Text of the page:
|Publication number||US3518059 A|
|Publication date||Jun 30, 1970|
|Filing date||May 31, 1967|
|Priority date||May 31, 1967|
|Publication number||US 3518059 A, US 3518059A, US-A-3518059, US3518059 A, US3518059A|
|Inventors||Levy Eugene J|
|Original Assignee||Hewlett Packard Co|
|Export Citation||BiBTeX, EndNote, RefMan|
|Patent Citations (5), Referenced by (48), Classifications (24)|
|External Links: USPTO, USPTO Assignment, Espacenet|
June 30, 1970 E. J. LEVY METHOD AND APPARATUS FOR DETERMINING CHEMICAL STRUCTURE Filed May 31, 1967 5 Sheets-Sheet 1 SAMPLE 2 r R m Em g 0 0 3 E1 E T 8 S H m g p t 1. 2 m T S amv wm w mo 2 ws M m From 86 \lllllllllllllll] I m n u w i m o EU W d v 1 T mw w 7 MC, h n T m T w mm N. T "W: m R m 5 4 o L1 IIIU IIIIII IL 0 m 1 E H T N T D n 4 m w s 1 1 w a 1 0 5 7 Q T 6 t N M E/ m O .7 m u E c a k 9 mu 4 5 0 nc 1 m S P lllll lllillL fzvmv n mu! 7! Hip Z OLECVLE COLUHN 60L .U'IURNEYS E. J. LEVY June 30, 1970 METHOD AND APPARATUS FOR DETERMINING CHEMICAL STRUCTURE Filed May 31, 1967 5 Sheets-Sheet 3 lllllllllll m 3N m o wsmwmu mmfiu 2 m mwsfi 5: 0 L J g m J M n m m m m y g QQN. H Y m9 E B 93 a g J QNEEQQQ NW! -MN F @N 53$ mmwwwggommu mwfiofizmu SEER fiN ESE QR \SNAQ QQQQRE NESEEQQ Q Q N .FHNI 1 I. w u k Qififim? MWW mww IIIIIIK Wm mgu wwwfiv D \i N 533 \E Q6 R rmfiw m L Q ATTQENEYS E. J. LEVY June 30, 1970 METHOD AND APPARATUS FOR DETERMINING CHEMICAL STRUCTURE Filed May 31, 1967 5 Sheets-$heet 25 w llllllllllllllllllll J RH mm m $8 mwwsw QESEEQQ n" W 38? o n W QMN MEQEMQ \\33 @Q n mmzi W%O.D QQQQ mqk w PQQNE EQWMNEQHW INVENTOR fcganelleg RENE ATTORNEYS June 30, 1970 M E. J. LEVY 3,518,059
METHOD AND APPARATUS FOR DETERMINING CHEMICAL STRUCTURE Filed May 31, 1967 5 Sheets-Sheet 4 CO -=*%X4 X2 QHg CO "2:: H 2 4 4 2% X2 c 60 w C H4 MINUTES 2 CH4 C0 X2 0 110 6 64 2 0 123 C H s fi g 3 6 C234 -fi 4 H S X2 6 C y R) INVENTOR ELgmw J Le /y A T TORNEYS June 30, 1970 Y 3,518,059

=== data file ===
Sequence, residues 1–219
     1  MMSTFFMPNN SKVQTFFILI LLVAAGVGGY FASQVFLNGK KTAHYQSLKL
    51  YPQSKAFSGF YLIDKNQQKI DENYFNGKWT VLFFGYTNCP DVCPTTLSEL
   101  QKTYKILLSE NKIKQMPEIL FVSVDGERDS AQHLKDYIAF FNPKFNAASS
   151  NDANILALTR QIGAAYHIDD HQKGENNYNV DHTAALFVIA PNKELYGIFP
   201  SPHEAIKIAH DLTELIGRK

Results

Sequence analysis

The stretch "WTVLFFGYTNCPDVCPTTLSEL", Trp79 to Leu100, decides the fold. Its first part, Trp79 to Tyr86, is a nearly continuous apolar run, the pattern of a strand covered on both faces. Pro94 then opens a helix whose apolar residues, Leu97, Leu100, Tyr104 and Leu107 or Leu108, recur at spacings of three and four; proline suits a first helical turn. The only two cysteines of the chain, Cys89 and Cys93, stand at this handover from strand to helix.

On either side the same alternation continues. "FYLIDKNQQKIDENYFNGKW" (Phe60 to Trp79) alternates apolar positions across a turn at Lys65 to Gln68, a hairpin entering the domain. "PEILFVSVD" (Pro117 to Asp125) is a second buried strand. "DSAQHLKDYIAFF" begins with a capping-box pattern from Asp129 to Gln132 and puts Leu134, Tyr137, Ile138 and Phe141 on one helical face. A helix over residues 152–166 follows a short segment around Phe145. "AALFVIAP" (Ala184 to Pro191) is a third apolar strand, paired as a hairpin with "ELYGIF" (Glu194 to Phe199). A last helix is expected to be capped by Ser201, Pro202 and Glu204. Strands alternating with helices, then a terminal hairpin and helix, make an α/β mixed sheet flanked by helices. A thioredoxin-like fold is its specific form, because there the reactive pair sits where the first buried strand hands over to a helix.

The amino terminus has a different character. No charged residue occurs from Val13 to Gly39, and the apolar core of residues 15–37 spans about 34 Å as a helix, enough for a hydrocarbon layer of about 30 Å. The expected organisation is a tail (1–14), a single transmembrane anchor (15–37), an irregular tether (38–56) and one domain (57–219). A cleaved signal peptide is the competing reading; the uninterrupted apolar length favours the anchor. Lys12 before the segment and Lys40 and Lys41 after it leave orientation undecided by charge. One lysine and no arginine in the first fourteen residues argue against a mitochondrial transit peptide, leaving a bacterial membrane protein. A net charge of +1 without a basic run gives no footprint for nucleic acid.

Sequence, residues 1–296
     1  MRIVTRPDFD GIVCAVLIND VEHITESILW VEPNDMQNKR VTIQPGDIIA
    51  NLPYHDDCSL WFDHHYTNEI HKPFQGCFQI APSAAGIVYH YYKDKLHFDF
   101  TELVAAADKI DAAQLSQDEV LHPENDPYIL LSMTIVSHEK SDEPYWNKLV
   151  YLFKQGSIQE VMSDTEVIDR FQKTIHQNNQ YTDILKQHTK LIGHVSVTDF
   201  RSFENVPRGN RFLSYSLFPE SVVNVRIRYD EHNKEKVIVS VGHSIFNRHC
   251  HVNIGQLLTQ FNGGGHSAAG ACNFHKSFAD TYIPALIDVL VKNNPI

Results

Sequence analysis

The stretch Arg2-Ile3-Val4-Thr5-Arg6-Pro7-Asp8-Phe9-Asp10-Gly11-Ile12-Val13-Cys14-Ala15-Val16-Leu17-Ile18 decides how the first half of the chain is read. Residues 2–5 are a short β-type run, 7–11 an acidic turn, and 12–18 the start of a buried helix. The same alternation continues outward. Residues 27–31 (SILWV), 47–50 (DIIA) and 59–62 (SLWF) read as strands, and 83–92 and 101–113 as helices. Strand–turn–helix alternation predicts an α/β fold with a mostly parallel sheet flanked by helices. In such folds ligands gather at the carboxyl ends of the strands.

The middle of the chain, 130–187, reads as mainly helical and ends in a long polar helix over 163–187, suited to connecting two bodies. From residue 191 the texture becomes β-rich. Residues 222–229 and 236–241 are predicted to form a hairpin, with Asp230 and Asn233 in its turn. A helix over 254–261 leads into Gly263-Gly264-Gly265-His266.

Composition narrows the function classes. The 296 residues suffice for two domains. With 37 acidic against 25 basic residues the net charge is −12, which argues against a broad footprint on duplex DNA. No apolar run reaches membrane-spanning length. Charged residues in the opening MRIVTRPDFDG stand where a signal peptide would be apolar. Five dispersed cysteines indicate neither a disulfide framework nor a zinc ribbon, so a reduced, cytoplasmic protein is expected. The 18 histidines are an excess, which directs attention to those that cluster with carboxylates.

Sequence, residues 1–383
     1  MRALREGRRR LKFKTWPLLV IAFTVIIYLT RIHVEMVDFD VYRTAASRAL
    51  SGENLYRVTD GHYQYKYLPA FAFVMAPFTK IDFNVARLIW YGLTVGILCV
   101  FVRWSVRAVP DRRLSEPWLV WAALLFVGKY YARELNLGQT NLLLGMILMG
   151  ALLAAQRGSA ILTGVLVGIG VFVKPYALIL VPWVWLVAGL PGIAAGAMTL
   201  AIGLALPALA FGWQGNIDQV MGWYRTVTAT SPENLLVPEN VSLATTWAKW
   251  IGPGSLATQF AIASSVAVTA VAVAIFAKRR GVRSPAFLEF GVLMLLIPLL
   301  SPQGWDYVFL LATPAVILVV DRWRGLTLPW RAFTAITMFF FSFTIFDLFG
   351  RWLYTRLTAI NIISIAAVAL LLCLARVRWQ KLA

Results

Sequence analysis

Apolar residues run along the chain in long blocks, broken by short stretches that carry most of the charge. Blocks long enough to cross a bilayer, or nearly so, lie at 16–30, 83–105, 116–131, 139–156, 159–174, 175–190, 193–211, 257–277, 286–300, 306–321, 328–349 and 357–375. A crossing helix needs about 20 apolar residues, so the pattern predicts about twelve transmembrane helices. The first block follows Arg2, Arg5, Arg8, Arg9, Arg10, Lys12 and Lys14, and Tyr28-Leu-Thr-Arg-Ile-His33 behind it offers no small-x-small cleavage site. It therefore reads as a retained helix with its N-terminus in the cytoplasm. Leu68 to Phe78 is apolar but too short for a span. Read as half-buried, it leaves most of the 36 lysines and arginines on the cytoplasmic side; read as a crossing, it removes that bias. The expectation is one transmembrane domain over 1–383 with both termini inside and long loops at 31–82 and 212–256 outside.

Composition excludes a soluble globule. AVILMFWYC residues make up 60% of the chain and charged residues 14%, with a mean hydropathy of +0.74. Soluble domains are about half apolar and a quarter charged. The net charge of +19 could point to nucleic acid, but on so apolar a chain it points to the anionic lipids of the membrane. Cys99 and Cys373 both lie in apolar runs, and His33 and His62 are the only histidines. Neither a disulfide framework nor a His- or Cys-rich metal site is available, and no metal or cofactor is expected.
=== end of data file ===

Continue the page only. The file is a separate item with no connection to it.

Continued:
METHOD AND APPARATUS FOR DETERMINING CHEMICAL STRUCTURE Filed May 31, 1967 5 Sheets-Sheet 5 g l H H g rr l fl".
75100 150 200250 300 Z5100 150 200250300 RETENTION INDEX A INVENTOR EzganeJLey ATTORNEYS United States Patent 3,518,059 METHOD AND APPARATUS FOR DETERMINING CHEMICAL STRUCTURE Eugene J, Levy, Oxford, Pa., assignor to Hewlett- Packard Company, Palo Alto, Calif., a corp-oration of California Filed May 31, 1967, Ser. No. 646,443 Int. Cl. G01n 31/08 US. Cl. 23-232 5 Claims ABSTRACT OF THE DISCLOSURE A method of and apparatus for pyrolyzing chemical compounds and using their volatile and non-volatile thermolytic dissociation products to obtain partial cracking patterns which are directly relatable to the molecular This invention relates to a method for identifying the chemical nature of compounds and, more particularly, to a method and apparatus for pyrolyzing compounds and observing their volatile and non-volatile components as an aid in identifying the compounds.
In recent years, gas chromatography has proven to be an extremely useful and effective separating technique by which sample mixtures may be separated into their components. The relative quantity of each component may be readily determined with the aid of any one of many gas detectors. While quite satisfactory for quantitative analiyses, difliculties are encountered in identifying the separated components. To identify such components, resort usually is had to whatever auxiliary analytical tools are available. Optical or mass spectrometers have been used for such identifications, but usually these are quite costly. Infrared and ultraviolet spectrometers can also be used, but in many cases these give limited information. Additionally, the infrared spectroscopic method has the disadvantage of requiring relatively large quantities of the .sample for a definite identification.
It is, therefore, an object of this invention to facilitate the identification of substances using pyrolysis techniques.